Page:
Okay, so now we have Parity which has been the be-all and end-all of NASCAR's plans for the future. Teams that deviate from the template by so much as a 32nd of an inch will be harshly punished. No creativity on the part of crew chiefs allowed! Drivers have to fit the corporate template too. If they dare to criticize any aspect of the sport on Twitter, they will be fined. If they play hardball on the track, they will be set down by NASCAR or even terminated by sponsors who demand upright and even-tempered representatives to promote their brand.
Tracks are repaved or reconfigured for uniformity with 1.5 mile tracks predominating. They are given the contemptuous label "cookie cutters". They aren't really as similar as fans believe but the racing appears much the same from the grandstand or the t.v. screen. Even Bristol is "fixed" for a kinder, gentler driving experience. Even as track promoters focus on the wrecks and fights as sales tools, the racing itself becomes less daring and more monotonous.
Tires are built so that drivers don't have to worry much about tire fall-off anymore. Brakes are so tough, they rarely fail. Used to be, it was part of the skill-set of the best drivers to protect and save their equipment to ensure being there at the end. Now, not so much.
So, where does all this leave us? Well, it leaves us at Texas with over 200 laps of green flag racing. It leaves us with cars so equal that "aero" is more important than ever. Whoever gets out front into clean air has a huge advantage over the rest of the field. It leaves us with drivers striving to fit their square pegs into the round holes of corporate sponsorship. That's natural for some, like Jimmie Johnson. Vanilla is his natural flavor. Some fans (me included) love his generally amiable temperament but other fans prefer the rough and tumble hard edges of drivers who color outside the lines.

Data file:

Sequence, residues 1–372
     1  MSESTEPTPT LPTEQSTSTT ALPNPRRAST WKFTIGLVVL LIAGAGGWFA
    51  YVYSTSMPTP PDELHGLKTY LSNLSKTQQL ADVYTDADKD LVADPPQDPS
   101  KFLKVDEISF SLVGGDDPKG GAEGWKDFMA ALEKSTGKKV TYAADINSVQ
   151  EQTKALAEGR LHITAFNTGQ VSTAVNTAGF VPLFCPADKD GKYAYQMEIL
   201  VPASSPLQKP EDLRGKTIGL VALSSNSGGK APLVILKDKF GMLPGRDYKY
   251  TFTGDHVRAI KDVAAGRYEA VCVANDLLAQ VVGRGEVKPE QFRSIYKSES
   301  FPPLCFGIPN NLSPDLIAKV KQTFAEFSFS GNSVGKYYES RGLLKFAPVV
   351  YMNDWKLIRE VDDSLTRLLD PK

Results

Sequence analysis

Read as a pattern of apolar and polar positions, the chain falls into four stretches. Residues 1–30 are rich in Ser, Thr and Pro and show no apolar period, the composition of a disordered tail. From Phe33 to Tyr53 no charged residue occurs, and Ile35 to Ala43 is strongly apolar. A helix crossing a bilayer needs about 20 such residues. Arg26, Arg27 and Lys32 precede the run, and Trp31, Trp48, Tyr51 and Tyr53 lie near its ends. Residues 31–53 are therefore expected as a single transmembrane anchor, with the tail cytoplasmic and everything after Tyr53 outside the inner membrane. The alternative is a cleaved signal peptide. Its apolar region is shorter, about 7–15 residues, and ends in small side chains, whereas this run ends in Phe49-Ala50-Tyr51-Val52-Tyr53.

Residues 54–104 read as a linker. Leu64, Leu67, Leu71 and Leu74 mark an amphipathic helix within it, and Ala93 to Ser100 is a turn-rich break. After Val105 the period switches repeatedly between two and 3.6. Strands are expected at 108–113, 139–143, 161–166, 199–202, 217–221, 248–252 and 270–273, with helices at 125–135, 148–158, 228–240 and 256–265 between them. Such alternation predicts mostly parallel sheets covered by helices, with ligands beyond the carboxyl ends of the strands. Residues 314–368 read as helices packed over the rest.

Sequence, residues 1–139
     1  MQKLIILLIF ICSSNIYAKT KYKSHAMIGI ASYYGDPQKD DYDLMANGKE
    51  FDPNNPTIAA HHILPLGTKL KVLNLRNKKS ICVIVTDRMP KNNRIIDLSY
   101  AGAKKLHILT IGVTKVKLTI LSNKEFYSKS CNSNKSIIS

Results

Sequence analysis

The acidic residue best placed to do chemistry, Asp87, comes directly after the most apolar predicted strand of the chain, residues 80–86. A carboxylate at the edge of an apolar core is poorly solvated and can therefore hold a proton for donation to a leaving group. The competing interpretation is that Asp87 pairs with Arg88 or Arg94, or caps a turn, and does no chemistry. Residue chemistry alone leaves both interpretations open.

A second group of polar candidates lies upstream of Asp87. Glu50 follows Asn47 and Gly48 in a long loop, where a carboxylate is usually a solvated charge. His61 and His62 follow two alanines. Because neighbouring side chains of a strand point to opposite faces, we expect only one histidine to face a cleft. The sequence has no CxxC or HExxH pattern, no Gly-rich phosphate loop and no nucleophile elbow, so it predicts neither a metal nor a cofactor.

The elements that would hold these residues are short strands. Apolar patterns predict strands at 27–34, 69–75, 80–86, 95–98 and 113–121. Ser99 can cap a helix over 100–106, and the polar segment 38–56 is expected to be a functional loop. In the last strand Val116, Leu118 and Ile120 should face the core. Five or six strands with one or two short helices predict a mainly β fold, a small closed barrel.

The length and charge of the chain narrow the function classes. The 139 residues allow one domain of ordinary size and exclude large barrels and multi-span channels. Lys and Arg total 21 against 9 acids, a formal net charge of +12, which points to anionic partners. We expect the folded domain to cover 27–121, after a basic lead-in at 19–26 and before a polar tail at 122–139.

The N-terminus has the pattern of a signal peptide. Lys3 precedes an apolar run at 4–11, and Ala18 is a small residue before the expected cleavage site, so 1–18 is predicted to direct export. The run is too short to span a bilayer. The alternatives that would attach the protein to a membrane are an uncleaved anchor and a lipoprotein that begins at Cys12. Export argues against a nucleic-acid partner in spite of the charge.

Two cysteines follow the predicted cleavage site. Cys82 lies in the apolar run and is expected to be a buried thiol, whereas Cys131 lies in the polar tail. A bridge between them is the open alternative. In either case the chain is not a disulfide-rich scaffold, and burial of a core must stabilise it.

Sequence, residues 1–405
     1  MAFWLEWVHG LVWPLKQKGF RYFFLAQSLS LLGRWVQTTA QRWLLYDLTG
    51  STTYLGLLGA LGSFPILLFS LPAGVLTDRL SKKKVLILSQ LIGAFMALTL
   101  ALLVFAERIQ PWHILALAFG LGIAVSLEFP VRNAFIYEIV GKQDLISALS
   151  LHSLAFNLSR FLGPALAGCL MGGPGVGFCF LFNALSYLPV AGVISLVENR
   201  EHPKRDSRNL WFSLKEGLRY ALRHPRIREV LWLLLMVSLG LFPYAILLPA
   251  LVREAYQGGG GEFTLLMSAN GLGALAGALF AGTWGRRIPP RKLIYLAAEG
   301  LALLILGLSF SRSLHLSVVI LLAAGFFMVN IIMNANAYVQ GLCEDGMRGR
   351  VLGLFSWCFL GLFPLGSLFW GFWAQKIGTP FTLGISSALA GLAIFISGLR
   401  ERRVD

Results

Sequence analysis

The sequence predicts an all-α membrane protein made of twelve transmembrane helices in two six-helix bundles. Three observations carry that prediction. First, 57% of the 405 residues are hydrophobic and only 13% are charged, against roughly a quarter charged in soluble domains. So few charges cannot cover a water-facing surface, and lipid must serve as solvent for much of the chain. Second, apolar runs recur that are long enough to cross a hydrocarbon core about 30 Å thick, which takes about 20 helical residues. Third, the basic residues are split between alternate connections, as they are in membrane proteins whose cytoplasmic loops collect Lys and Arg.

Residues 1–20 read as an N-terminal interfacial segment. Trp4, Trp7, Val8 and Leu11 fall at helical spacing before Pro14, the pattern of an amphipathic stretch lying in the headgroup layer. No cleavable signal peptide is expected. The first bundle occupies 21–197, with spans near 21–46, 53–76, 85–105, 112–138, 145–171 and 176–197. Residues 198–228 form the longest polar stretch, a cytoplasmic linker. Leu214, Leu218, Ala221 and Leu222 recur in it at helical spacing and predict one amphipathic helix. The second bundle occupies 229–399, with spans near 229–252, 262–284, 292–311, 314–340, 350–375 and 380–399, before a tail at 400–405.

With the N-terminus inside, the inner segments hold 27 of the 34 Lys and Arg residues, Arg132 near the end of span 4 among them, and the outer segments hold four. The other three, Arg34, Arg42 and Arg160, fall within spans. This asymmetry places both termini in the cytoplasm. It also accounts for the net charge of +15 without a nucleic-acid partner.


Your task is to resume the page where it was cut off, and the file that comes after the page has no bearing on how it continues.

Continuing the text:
I'm a relatively new NASCAR fan so I wasn't around when inventive crew chiefs pulled every trick in the book to get a competitive edge. I wasn't around when the fan favorite driver was called the Intimidator - for good reason. I wasn't around for the eccentric old tracks of which there are only a very few, like Darlington and Martinsville, left. I wasn't around before much of the color seemed to be deliberately drained from the sport in favor of a blandly uniform shade of beige called Parity.